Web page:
Parallel Seizure: Art and Culture at the End of Days

Vaughan Pilikian
2021 PAJ : Journal of Performance and Art  
T here is a photograph from early on in the spread of coronavirus that shows the basement of a shopping mall somewhere in Asia, seen from above. The tiled floor, framed by two escalators, has been cleared of shoppers, the only vestiges of regular commerce a poster of a woman on a floor stand advertising a mobile network, and beside that, a vending machine. A grid of plastic chairs fills the space, each placed a fixed distance from the others surrounding it. There are men and women sitting upon
more » ... women sitting upon these chairs, some in a black and green uniforms and some not, all wearing facemasks and most contemplating their smartphones. Several of them have evidently been sitting where they are for longer than the others, contorting themselves into awkward poses to cope with the discomfort of their seats. A lone cleaner moves among them carrying a spray bottle and a sponge. According to its caption, the people on the chairs are cab drivers waiting to receive their instructions, but they look more like procrastinators in an antechamber of hell. Each of them is a microcosm, a sealed capsule separate from every other. Each is looped out of physical space by the device held up to the eyes, upon which attention is focused, as if the brains of these men and women had been flattened and externalized and placed in their hands with the recommendation that they cling on or die. The grid exerts a pictorial order which is also a sociopolitical order. It works here as a mechanism for the regulation of appropriate distance. In a world where Silicon Valley ideology has been universally internalized, we have forgotten that a network must first separate before it can connect. It sustains distance in order to simulate proximity. The grid in this image is what makes possible and legitimates the separation between individuals and it also ensures the inviolability of rationalized space. Within this structure, the people in the photograph have been barred from interacting with one another physically, while any subtler mode of communication is stymied by regulation headgear. A facemask not only dampens the voice and conceals the expression,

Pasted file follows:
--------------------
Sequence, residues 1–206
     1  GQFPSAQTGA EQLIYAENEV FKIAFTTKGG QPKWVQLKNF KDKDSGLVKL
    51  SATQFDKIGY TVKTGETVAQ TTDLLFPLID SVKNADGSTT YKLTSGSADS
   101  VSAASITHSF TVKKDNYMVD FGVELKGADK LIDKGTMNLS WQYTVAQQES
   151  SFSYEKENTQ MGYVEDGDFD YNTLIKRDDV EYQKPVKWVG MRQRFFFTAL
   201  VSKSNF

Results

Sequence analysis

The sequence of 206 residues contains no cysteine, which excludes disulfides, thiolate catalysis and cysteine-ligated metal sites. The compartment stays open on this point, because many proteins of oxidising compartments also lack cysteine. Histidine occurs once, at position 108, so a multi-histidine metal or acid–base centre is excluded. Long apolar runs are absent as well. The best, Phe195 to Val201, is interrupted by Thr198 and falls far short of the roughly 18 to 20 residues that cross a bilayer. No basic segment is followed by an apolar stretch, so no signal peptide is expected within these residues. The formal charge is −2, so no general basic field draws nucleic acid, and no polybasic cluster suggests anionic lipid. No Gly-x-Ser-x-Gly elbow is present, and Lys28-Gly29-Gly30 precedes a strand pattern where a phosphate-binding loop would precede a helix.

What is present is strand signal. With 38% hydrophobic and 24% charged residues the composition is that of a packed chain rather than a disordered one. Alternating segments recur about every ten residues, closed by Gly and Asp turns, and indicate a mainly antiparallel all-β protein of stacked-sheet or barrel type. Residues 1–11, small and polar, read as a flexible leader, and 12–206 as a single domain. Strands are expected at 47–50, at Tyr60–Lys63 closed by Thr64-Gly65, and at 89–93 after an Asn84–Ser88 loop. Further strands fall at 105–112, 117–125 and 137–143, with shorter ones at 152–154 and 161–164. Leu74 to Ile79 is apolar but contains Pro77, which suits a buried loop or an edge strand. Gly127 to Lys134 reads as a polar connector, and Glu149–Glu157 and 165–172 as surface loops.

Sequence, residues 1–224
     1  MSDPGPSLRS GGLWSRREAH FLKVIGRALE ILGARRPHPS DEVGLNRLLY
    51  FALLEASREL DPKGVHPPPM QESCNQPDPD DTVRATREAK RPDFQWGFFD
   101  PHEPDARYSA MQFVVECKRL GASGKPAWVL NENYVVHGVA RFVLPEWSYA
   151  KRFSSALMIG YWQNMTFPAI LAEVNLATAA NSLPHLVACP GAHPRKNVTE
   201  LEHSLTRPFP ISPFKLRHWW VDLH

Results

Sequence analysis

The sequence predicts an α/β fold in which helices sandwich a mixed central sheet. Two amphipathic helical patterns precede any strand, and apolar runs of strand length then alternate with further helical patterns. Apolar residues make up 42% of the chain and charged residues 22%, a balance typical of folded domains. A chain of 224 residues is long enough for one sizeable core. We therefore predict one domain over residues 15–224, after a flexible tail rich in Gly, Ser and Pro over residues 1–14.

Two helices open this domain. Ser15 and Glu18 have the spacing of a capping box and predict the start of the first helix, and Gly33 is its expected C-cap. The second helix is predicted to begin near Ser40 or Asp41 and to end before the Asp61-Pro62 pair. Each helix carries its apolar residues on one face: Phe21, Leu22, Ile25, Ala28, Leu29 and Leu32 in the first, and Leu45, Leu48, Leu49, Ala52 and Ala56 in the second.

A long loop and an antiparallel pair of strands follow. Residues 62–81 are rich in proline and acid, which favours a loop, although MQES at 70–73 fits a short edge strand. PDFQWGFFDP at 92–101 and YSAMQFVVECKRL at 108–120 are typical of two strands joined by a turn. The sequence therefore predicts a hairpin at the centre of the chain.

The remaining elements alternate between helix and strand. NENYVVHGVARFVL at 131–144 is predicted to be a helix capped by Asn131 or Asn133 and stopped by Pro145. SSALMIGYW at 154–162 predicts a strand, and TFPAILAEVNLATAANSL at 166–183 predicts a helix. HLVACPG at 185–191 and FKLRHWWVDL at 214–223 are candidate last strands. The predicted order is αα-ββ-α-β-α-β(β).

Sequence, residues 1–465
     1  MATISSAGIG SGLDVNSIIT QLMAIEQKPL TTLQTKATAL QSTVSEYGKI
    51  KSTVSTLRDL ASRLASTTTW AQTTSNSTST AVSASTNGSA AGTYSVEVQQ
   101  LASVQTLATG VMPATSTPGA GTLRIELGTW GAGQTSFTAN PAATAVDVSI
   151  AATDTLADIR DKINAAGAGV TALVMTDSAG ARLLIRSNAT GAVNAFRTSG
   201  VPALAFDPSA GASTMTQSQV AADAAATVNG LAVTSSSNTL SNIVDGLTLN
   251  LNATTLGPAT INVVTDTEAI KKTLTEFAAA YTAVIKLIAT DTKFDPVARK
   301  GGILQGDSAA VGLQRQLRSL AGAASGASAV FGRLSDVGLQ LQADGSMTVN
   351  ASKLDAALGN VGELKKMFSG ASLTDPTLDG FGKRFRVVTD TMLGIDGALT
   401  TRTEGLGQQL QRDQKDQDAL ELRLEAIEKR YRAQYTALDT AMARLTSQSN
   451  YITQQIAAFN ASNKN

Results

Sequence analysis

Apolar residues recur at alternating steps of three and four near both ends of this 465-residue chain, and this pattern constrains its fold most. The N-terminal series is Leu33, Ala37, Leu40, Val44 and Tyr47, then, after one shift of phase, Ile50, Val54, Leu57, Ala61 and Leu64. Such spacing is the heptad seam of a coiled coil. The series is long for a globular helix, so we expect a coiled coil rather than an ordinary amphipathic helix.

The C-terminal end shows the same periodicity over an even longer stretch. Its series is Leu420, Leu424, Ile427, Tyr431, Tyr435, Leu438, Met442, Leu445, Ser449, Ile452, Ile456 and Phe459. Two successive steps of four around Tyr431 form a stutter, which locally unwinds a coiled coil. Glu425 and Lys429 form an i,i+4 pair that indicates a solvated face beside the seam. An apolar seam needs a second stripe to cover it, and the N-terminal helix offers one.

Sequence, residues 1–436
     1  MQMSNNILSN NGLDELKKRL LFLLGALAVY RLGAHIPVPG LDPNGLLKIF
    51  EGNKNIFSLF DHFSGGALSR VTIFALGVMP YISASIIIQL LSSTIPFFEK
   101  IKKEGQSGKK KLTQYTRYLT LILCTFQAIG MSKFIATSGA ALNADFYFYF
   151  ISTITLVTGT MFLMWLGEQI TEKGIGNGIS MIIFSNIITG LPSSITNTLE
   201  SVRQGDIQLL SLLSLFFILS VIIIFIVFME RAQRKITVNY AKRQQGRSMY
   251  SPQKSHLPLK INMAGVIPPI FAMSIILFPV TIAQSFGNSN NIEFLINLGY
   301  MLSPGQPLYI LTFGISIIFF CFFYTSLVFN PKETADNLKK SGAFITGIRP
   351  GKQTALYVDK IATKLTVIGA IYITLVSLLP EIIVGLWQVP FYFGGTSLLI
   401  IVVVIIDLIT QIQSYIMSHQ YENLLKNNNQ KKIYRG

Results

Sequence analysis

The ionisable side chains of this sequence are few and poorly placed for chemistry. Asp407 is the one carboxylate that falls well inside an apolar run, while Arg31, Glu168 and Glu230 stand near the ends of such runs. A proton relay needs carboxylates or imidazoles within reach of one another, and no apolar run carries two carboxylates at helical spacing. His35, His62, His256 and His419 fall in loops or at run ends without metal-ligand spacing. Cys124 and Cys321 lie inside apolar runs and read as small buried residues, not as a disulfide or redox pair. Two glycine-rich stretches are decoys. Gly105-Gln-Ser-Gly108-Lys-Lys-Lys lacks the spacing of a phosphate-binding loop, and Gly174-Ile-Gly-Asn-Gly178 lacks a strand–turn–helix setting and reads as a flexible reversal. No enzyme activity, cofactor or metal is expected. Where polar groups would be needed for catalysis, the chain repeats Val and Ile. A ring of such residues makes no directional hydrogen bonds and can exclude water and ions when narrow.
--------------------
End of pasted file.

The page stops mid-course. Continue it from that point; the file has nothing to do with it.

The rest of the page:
doi:10.1162/pajj_a_00543 fatcat:iw7uzhqoj5ajbk35zzbklkbtga